Bringing nature indoors at Christmas

Poinsettia growers are gearing-up for what could be their busiest season ever. Soaring interest in indoor plants, driven by social media and the fashion for filling homes with greenery, is driving the market for more natural festive decor. So says Stars for Europe, which represents leading European poinsettia breeders and champions the poinsettia – an established festive favourite – across 22 European countries.

Whilst lockdowns over the past year had different impacts on different countries and their local economic sectors, depending on what restrictions were put in place, the overall trend for plant sales over the past few years indicates a huge market boom across Europe. It’s not difficult to see why: Poinsettias bring the beauty of nature indoors, they make a beautiful, sustainable alternative to plastic and are the perfect antidote to the fossil fuel-dependent culture of the festive season

In what proved to be a very strong year for flowers and ornamental plants in Germany, the market sector grew by a volume of 5.2% in 2020 according to the Agrarmarkt Informations-Gesellschaft (AMI), accounting for a €9.4 billion increase at retail level. This followed on from strong growth of 3.1% in the previous year.

Across the border in The Netherlands – one of the biggest markets for plants in Europe – growth in this sector was 2% (€38 million), bringing a total of €2.4 billion to the Dutch economy. Over in the UK, where consumer demand for houseplants has been steadily climbing for years and finally went through the roof during lockdown, year-on-year sales increased by 48% in October alone according to the Garden Centre Association.

These positive market trends look set to continue as summer gives way to autumn and winter. This may be especially true in Poland, where poinsettias are the most popular flowering house plants as people get in the mood for Christmas in bold and beautiful fashion. With their vividly coloured bracts in shades of traditional red, as well as novel yellow, cream, pink, white and variegated/marbled hues, poinsettias are expected to fly off the shelves as households put the finishing touches to their interior winter wonderlands, ready to greet friends and family.

The Floral Christmas Star

Beautifully coloured poinsettias also tap into the growing trend for plastic-free Christmas decorations, proving that the season of excess doesn’t have to take its toll on the planet. Not so long ago, the aftermath of Christmas left landfill bins overflowing with non-recyclable waste; however, poinsettias will still be going strong long after the decorations have come down on 12th night – if treated with care. And if they don’t continue to thrive, you can rest easy knowing they will naturally biodegrade like any other plant.

The backlash against single-use plastics and wasteful packaging, combined with huge growth in craft projects during lockdowns, is seeing families embrace a plastic-free Christmas – from home-made Christmas cards to real Christmas trees and natural decorations made from holly, cones and twigs. Poinsettias, which can last until Easter and beyond, are ideally positioned for the eco-conscious shopper and make an ideal, natural, packaging-free gift for anyone who’s determined to stamp out waste this Christmas.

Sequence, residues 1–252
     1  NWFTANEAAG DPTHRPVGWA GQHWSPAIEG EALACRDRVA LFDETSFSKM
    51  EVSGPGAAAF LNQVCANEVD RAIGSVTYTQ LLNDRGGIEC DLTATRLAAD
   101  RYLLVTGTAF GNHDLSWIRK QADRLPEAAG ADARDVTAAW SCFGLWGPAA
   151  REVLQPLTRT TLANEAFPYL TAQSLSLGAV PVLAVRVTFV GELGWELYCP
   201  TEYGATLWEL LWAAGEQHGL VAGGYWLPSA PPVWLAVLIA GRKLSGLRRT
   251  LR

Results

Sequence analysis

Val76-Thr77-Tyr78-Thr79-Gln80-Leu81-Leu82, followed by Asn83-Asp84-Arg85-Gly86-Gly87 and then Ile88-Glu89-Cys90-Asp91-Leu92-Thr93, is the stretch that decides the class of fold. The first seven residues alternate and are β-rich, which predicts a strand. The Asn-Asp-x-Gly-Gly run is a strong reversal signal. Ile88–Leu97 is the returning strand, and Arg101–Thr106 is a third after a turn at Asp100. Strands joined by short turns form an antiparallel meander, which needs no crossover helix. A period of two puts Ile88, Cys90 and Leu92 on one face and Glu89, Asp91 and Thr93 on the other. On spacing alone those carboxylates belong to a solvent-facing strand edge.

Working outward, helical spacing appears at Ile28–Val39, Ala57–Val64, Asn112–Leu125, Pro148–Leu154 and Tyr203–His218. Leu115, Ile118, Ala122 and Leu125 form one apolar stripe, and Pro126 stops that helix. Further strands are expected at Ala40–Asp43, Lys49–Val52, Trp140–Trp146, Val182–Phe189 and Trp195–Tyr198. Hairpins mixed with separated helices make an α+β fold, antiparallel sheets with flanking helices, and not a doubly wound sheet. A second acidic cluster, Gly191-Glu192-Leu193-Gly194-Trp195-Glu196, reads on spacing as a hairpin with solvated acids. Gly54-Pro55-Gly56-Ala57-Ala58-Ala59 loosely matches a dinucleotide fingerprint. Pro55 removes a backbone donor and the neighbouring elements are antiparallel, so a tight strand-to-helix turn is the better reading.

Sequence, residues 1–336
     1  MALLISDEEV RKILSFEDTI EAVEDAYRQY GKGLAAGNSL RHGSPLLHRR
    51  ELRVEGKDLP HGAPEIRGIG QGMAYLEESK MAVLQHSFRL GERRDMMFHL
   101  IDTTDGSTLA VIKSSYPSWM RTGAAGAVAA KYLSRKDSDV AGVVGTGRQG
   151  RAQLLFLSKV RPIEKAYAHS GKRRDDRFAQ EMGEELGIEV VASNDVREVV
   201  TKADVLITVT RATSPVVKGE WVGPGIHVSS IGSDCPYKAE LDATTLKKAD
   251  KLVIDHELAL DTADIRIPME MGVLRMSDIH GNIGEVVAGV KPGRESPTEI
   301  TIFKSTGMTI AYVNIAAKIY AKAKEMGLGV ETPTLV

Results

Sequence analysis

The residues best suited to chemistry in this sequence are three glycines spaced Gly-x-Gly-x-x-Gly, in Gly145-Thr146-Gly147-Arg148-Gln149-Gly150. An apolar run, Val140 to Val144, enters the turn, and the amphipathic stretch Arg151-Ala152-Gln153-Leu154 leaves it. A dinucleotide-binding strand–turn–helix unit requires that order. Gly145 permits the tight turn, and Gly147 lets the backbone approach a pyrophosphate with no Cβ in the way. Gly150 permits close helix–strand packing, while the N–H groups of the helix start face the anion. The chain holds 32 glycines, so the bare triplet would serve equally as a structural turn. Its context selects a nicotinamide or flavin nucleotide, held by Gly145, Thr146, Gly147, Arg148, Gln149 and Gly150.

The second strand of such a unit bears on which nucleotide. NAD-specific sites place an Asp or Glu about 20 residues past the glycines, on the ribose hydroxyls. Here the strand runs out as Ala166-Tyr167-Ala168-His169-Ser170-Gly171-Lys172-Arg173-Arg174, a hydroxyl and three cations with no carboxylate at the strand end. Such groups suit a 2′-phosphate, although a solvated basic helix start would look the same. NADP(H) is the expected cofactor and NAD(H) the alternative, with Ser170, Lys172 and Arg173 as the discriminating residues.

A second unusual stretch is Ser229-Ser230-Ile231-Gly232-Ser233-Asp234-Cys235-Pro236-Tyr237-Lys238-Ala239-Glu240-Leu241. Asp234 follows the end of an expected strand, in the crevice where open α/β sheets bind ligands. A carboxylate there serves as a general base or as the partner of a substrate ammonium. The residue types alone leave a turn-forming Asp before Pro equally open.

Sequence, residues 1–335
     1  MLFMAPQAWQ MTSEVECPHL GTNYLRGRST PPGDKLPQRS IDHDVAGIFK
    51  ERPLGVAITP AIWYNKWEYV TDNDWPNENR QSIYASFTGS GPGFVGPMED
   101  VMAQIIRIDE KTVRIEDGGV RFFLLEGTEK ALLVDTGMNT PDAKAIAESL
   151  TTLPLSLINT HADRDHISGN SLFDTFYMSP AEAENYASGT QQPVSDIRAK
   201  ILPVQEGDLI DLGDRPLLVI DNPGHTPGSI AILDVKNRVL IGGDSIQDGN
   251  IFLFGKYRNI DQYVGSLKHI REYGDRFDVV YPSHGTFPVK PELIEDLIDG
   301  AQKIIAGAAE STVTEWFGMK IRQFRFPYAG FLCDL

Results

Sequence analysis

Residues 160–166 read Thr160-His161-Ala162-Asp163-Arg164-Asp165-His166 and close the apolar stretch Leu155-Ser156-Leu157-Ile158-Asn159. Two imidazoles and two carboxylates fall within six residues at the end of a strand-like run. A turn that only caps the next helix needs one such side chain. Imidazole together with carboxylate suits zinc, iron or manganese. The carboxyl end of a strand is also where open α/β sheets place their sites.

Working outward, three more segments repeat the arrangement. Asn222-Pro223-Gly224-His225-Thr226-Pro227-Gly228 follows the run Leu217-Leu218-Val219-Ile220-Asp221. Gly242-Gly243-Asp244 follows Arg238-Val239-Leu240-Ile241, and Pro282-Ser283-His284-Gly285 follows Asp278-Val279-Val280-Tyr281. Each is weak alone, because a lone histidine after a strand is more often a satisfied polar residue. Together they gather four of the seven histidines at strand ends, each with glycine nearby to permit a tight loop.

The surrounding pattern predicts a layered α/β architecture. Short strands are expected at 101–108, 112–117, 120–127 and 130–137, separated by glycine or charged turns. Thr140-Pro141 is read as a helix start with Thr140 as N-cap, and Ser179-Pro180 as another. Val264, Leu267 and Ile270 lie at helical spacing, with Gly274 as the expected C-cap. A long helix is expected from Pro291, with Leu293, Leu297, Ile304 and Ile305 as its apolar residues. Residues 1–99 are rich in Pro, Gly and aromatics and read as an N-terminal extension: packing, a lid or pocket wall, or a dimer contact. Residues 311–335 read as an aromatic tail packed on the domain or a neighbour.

“The trend for bringing the beauty of the natural environment into our homes is in full swing during the depths of winter,” says Dr. Susanne Lux. “Poinsettias are not only the symbol of the festive season but are a perfect antidote to throwaway gifts that come wrapped in layers of fossil-fuel dependent plastics.”

Kindness to the environment does not stop at biodegradability. Poinsettias are highly sensitive to cold temperatures and don’t travel well when fully grown, so the great majority of these seasonal favourites are grown locally for sale in their home markets. This enables consumers to support regional producers, giving a boost to their local economy without racking up thousands of transit miles.

Many greenhouse operators throughout Europe are highly dependent upon poinsettias, which not only sell in huge quantities but enable commercial growers to stay full operational all year long, as poinsettias start to grow when most other high cash crops and plants have stopped flourishing.

While it’s easy to keep poinsettias at their prime well into the New Year (see panel, below), shoppers who prefer to buy a sparkling new plant every year can dispose of their old plant in a manner that actually helps the environment. Like many other houseplants, poinsettias can be added to compost heaps where they will naturally break down along with other garden waste into wonderful, nutrient-rich organic matter. Once decomposed, the crumbly brown material from compost bins can be added to flower beds and veg plots to breathe new life into tired soil.

The five golden tips for poinsettia success

1. Keep plants wrapped up and protected from cold on the way home from the shop.
2. Display your poinsettia in a warm room, at temperatures of around 15-22°C.
3. Poinsettias thrive in bright, filtered light.
4. Water sparingly, allowing compost to almost dry out in between watering.
5. Take care to avoid placing poinsettias in draughty areas or plants may sulk!

Images courtesy of Stars for Europe

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